RAPAPORT... In Gallup's monthly survey of U.S. consumer spending, shoppers reported that their average daily spending was $73 in July 2012, down just $1 from the average recorded a year ago. Gallup noted that while short-term daily spending trends have changed only slightly, the broader pace of spending has been slowly increasing in the past 12 months.
Gallup also found that households with incomes greater than $90,000 are driving the increase. In July, upper income households spent a daily average of $126 compared with $121 in July 2011. Daily trends from those earning less than $90,000 were unchanged at $59. The average household income in the U.S. is about $49,000.
The group noted that even though U.S. consumers appear more willing to spend this year, the daily average remains far below the level measured in 2008 and is ''perhaps not enough to bring the United States out of its economic slump.''
Meanwhile, the International Council of Shopping Centers (ICSC) reported that U.S. chain-store sales in July rose 4.6 percent, excluding drug stores. The figure was much stronger than ICSC anticipated.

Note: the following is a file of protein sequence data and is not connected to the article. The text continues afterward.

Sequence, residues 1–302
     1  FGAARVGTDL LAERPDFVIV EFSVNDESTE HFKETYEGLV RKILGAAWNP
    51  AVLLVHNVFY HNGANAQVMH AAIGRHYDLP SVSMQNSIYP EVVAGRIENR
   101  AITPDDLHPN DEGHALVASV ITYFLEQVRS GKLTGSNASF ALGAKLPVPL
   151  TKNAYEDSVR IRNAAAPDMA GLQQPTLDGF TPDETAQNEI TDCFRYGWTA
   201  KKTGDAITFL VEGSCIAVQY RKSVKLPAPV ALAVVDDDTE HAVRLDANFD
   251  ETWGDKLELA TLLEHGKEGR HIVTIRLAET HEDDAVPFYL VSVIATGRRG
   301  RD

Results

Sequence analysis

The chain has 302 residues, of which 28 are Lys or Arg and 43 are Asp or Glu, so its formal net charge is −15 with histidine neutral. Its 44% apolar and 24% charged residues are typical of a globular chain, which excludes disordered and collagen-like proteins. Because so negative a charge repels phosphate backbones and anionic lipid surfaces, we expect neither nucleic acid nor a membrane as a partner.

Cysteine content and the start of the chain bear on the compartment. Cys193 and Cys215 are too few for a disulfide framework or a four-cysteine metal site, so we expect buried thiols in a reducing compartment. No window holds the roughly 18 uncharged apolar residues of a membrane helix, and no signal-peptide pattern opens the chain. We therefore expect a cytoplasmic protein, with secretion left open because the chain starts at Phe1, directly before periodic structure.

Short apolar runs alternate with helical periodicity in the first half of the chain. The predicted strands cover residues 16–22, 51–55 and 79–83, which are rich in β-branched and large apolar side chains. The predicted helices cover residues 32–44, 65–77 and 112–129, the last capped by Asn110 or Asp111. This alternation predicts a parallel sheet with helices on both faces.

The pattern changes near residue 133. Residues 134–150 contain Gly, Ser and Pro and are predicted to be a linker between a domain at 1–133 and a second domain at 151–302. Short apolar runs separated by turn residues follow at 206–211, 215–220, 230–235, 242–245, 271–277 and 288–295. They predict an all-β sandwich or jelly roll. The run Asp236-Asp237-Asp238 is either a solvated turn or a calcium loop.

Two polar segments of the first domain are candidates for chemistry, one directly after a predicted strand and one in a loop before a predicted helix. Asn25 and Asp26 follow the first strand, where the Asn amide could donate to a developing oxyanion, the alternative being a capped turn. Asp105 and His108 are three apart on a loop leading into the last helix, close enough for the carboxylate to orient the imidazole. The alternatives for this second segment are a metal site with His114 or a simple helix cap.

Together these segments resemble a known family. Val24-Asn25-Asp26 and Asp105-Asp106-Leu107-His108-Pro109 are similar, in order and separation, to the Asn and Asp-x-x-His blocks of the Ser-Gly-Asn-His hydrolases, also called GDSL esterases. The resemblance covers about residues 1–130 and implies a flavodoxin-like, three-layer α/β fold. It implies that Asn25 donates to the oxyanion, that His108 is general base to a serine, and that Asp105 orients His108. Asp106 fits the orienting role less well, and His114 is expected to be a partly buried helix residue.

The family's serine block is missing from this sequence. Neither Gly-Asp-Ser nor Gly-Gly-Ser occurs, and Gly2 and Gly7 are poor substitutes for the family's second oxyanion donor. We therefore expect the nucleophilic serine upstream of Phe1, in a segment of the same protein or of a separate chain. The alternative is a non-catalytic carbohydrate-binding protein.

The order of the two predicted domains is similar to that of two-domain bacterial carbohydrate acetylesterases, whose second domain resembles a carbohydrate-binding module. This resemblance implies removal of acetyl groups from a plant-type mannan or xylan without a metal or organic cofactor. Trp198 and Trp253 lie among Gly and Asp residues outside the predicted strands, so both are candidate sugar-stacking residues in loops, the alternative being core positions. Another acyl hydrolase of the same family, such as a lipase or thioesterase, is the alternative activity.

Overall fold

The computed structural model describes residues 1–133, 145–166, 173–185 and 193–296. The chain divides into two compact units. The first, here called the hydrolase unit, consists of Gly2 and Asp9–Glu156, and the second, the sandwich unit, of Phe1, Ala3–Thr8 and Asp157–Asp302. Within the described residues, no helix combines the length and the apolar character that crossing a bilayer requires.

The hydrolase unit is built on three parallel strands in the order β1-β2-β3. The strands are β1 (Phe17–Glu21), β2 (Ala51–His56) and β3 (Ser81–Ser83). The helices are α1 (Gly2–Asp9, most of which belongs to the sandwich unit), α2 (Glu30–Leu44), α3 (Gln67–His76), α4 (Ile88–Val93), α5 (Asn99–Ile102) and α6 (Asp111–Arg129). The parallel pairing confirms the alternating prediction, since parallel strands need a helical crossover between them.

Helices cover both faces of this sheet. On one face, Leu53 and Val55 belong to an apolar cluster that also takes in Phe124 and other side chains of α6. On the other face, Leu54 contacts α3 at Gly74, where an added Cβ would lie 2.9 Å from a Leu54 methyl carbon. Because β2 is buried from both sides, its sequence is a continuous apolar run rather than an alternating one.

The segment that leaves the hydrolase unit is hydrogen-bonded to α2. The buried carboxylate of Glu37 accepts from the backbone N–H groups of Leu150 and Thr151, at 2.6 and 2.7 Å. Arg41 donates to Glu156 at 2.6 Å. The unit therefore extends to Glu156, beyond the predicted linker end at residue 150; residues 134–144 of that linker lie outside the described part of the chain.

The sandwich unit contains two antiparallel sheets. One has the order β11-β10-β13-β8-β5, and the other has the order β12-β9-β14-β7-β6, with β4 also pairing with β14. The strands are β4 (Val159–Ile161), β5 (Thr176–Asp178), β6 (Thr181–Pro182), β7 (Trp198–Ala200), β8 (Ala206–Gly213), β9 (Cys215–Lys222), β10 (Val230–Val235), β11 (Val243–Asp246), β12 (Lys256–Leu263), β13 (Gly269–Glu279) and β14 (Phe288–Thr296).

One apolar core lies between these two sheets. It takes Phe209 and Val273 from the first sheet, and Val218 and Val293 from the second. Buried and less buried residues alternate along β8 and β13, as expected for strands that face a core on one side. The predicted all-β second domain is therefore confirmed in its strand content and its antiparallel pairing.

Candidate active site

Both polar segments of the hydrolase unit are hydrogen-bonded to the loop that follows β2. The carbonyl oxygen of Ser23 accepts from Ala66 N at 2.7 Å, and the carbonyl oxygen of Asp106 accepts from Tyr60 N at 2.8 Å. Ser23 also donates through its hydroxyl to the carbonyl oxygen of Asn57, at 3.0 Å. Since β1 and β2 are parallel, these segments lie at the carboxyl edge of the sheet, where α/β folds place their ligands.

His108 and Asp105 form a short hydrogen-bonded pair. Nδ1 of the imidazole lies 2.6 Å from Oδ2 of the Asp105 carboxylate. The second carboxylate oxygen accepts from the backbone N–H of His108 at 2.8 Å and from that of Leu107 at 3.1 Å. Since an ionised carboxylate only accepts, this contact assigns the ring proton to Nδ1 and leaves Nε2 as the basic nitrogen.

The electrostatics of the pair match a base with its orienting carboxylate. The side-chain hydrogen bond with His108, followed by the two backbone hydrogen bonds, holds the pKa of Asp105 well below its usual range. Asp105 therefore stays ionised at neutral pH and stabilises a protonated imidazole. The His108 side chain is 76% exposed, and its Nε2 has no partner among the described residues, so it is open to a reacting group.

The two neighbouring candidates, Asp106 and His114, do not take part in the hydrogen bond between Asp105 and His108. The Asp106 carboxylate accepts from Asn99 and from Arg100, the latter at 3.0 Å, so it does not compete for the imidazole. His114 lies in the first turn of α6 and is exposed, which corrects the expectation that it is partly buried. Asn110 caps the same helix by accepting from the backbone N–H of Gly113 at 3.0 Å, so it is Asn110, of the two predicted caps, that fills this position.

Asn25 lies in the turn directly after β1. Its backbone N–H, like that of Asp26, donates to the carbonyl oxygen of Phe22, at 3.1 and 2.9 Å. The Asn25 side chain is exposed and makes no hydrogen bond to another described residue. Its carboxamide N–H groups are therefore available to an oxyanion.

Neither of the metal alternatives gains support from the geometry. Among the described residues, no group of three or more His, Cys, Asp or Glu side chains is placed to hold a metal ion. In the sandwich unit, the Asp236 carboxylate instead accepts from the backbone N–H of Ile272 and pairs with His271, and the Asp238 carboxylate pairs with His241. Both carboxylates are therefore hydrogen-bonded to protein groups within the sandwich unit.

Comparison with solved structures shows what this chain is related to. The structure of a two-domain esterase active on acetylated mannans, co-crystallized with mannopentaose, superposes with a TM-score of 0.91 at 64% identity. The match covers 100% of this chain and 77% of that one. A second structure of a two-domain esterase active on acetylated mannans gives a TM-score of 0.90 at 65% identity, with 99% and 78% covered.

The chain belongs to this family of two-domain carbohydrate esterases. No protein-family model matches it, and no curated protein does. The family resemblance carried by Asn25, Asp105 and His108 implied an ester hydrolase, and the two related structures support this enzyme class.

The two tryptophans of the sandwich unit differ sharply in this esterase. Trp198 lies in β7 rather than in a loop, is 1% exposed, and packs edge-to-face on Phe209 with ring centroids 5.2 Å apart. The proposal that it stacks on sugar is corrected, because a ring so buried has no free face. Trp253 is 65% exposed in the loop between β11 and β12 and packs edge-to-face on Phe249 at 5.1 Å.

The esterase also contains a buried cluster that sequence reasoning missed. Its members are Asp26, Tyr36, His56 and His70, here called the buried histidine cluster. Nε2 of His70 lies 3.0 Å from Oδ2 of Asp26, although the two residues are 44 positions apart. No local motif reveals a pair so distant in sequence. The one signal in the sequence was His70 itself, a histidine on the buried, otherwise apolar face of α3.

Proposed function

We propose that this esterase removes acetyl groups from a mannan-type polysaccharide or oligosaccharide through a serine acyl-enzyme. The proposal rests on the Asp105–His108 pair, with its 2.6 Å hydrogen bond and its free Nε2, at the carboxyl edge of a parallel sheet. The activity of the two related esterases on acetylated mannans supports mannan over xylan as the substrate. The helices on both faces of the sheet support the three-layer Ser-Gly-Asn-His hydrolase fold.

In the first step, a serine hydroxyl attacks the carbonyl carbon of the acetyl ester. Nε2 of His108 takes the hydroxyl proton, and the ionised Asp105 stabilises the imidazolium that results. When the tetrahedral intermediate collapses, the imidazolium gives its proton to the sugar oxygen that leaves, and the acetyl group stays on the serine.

''The pace of sales in July improved appreciably over last month,'' said Michael P. Niemira, ICSC's vice president of research and chief economist. ''July is typically dominated by summer clearance so this stronger than expected performance is particularly encouraging, especially after the softer three-month run we have just been through in the industry and the overall economy.''
Nonetheless, chain-store sales were uneven in July with the luxury goods sector showing the softest growth at 1.3 percent. ICSC determined that a shifting promotional cycle weakened the luxury sector, which, up until this point, had been the leading growth category.
ICSC research expects August chain-store sales to increase by 4 percent to 5 percent, excluding drug stores.